Search Images Maps Play YouTube News Gmail Drive More »
Sign in
Screen reader users: click this link for accessible mode. Accessible mode has the same essential features but works better with your reader.

Patents

  1. Advanced Patent Search
Publication numberUS20070188067 A1
Publication typeApplication
Application numberUS 11/244,175
Publication dateAug 16, 2007
Filing dateOct 6, 2005
Priority dateOct 14, 2004
Also published asUS7683528
Publication number11244175, 244175, US 2007/0188067 A1, US 2007/188067 A1, US 20070188067 A1, US 20070188067A1, US 2007188067 A1, US 2007188067A1, US-A1-20070188067, US-A1-2007188067, US2007/0188067A1, US2007/188067A1, US20070188067 A1, US20070188067A1, US2007188067 A1, US2007188067A1
InventorsTakeo Tsukamoto, Shin Kitamura, Oichi Kubota
Original AssigneeCanon Kabushiki Kaisha
Export CitationBiBTeX, EndNote, RefMan
External Links: USPTO, USPTO Assignment, Espacenet
Structure, electron emitting device, secondary battery, electron source, and image display device
US 20070188067 A1
Abstract
The present invention prevents the oxidization of a member of carbon fibers and improves the electric connection between the carbon fibers and the member of carbon fibers. In the present invention, a member 5 of carbon fibers 4 includes: a first element selected from the group consisting of IVa group elements and Va group elements; a second element selected from the group consisting of C, Al, Si, Cr, and Zr; and N. Preferably, the first element is Ti. More preferably, the member 5 includes Al or Si and the ratio of Al or Si to Ti is not less than 10 atm % and not more than 30 atm %.
Images(18)
Previous page
Next page
Claims(11)
1. A structure comprising:
a member; and
a carbon fiber placed on said member,
wherein said member includes: (i) a first element selected from the group consisting of IVa group elements and Va group elements; (ii) a second element selected from the group consisting of C, Al, Si, Cr and Zr; and (iii) N.
2. A structure comprising:
a member; and
a carbon fiber placed on said member, wherein said member includes: (i) a first element selected from the group consisting of IVa group elements and Va group elements; Al or Si; and (ii) N.
3. A structure as claimed in claim 1, wherein
said first element is Ti.
4. A structure as claimed in claim 2, wherein
said first element is Ti.
5. A structure as claimed in claim 3, wherein
said member includes Al or Si and a ratio of Al or Si to Ti is not less than 10 atm % and not more than 30 atm %.
6. A structure as claimed in claim 4, wherein
said member includes Al or Si and a ratio of Al or Si to Ti is not less than 10 atm % and not more than 30 atm %.
7. An electron emitting device comprising:
a cathode electrode;
a member placed on said cathode electrode; and
a carbon fiber placed on said member,
wherein said member includes: (i) a first element selected from the group consisting of IVa group elements and Va group elements; Al or Si; and (ii) N.
8. A secondary battery comprising:
a cathode electrode;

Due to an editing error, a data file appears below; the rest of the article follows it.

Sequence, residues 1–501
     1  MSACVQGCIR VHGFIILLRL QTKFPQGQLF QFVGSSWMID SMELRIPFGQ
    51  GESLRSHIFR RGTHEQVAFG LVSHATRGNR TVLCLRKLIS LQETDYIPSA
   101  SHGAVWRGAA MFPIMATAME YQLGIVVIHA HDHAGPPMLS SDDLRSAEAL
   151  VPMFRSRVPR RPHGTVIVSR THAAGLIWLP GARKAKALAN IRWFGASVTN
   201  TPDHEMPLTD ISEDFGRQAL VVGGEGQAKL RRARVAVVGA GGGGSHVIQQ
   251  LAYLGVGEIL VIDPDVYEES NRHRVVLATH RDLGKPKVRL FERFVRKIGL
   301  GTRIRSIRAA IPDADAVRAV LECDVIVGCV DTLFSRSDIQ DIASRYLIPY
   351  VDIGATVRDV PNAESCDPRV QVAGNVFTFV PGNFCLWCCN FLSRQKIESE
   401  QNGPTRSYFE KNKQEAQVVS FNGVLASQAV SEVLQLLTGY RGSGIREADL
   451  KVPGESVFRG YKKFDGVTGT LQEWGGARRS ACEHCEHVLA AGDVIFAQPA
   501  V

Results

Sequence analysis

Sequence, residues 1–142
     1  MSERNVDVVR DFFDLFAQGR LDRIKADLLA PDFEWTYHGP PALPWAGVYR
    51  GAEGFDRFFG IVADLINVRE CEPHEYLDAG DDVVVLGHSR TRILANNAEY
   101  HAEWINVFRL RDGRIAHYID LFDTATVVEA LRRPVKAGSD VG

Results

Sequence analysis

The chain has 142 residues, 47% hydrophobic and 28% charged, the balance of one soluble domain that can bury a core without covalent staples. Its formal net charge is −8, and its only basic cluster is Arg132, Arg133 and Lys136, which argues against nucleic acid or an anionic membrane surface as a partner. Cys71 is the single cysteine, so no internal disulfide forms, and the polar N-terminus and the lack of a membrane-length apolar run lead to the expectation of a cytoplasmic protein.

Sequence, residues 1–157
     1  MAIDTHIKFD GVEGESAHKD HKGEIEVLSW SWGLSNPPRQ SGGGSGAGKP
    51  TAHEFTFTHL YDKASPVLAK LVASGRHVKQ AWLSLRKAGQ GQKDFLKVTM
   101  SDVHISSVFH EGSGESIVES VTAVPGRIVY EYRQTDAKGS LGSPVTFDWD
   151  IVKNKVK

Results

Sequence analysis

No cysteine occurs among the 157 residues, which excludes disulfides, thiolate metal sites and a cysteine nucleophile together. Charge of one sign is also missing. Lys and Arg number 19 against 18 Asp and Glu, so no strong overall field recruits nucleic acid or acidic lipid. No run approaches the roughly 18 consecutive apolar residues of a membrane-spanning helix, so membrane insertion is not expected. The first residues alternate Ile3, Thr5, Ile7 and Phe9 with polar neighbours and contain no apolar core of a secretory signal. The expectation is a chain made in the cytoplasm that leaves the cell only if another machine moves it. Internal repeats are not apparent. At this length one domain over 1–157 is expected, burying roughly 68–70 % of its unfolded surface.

a member placed on said cathode electrode;
a carbon fiber placed on said member; and
an anode electrode,
wherein said member includes: (i) a first element selected from the group consisting of IVa group elements and Va group elements; Al or Si; and (ii) N.
9. An electron source comprising a plurality of electron emitting devices, wherein each of said plurality of electron emitting devices is the electron emitting device as claimed in claim 7.
10. An image display device comprising:
an electron source; and
a light emitting body that is irradiated with an electron emitted from said electron source to thereby emit light,
wherein said electron source is the electron source as claimed in claim 9.
11. An apparatus comprising:
a receiver that outputs at least one of image information, character information, and sound information, which are included in a received signal; and
an image display device connected to said receiver,
wherein said image display device is the image display device as claimed in claim 10.
Description
BACKGROUND OF THE INVENTION

1. Field of the Invention

The present invention relates to a structure, an electron emitting device, a secondary battery, an electron source, and an image display device each of which uses carbon fibers.

2. Description of the Related Art

In recent years, field emission type electron emitting devices include an electron emitting device using carbon fibers as electron emitting bodies. Because of such a field enhancement effect resulting from shape that is produced by using carbon fibers as electron emitting bodies, the electron emitting device using carbon fibers as electron emitting bodies can emit electrons from the electron emitting bodies in a lower electric field intensity than an electron emitting body made of carbon or the like shaped like a film (in the shape of a plane).

Methods for forming carbon fibers used for electron emitting bodies include a method for applying carbon fibers prepared in advance to the surface of an electrode (cathode electrode), a method for vapor-depositing carbon fibers by the use of an electrode (cathode electrode) having catalytic particles placed on the surface thereof, and the like. In the case of forming carbon fibers by the vapor deposition method, it is necessary to consider the electric and physical connection between the carbon fibers and the electrode (cathode electrode). Moreover, it is preferable that a material having high conductivity is used as the electrode (cathode electrode), so that there is proposed a method for placing another conductive body (supporting member) different from the electrode (cathode electrode) on the electrode (cathode electrode) and further placing catalytic particles on this supporting member and then forming carbon fibers by a vapor deposition method.